7 Healthcast: Eye Prisms
Air Date: 06/17/2002
Reported By: Janet Wu
Stroke, head injury and even tumors, can rob people of half their vision and all of your independence. Health Reporter Janet Wu tells us that one Harvard doctor may have found a way to help them regain some of their sight.

This isn't a pair of glasses; it's a simple prism of glass. And for those who receive it, it's a remarkable gift of sight.

Moving through a kitchen may not seem like a great accomplishment, but for Suzanne Coughlin, it is.

Suzanne Coughlin, Stroke patient
"It's the little things, but they make such a huge difference. I don't walk into walls anymore. I don't step on the poor dog anymore."

Two years ago, a stroke caused Suzanne to lose half her field-of-vision.

Suzanne Coughlin
"I see nothing on my left side. No fuzzy. No black. Nothing."

Now, with a new addition to her glasses, Suzanne's world had grown. This prism is placed on the top and bottom of a patient's glasses. It shifts objects to bring them into a patient's visual field.

Dr. Eli Peli, Harvard Medical School
"When they notice in the periphery an obstacle or a potential risk, they turn their head and eyes and look at it through the center again."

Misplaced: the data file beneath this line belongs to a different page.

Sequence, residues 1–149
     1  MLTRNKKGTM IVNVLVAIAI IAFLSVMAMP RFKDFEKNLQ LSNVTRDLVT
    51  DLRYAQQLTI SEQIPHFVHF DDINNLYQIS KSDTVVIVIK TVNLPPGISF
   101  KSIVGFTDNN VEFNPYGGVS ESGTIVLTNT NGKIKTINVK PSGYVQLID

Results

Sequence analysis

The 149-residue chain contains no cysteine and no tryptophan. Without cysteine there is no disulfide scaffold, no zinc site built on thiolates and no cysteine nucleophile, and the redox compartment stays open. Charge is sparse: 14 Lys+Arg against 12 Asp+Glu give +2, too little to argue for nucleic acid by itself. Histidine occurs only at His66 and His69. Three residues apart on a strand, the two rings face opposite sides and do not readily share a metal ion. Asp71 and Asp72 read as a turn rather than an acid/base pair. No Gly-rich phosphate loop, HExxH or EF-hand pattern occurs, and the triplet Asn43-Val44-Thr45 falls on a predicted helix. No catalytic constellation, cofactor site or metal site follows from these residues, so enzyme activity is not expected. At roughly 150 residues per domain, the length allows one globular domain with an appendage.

"I can see more things on my left than I would normally be seeing."

This virtual reality device gives a scientific view of how much the prism helps in detecting and avoiding obstacles.

Dr. Eli Peli
"We can record their eye movements if they avoid obstacles because the device made it visible or because of chance occurrence."

Suzanne says the prism has changed her life. Simple tasks like eating her dinner are much easier.

Suzanne Coughlin
"I do pick up things that I wasn't picking up before."

Dr. Peli is a low vision specialist at the Schepens Eye Institute here at Harvard University.

If you'd like more information, contact:

Rich Godfrey
Schepens Eye Research Institute
Harvard Medical School
20 Staniford St.
Boston, MA


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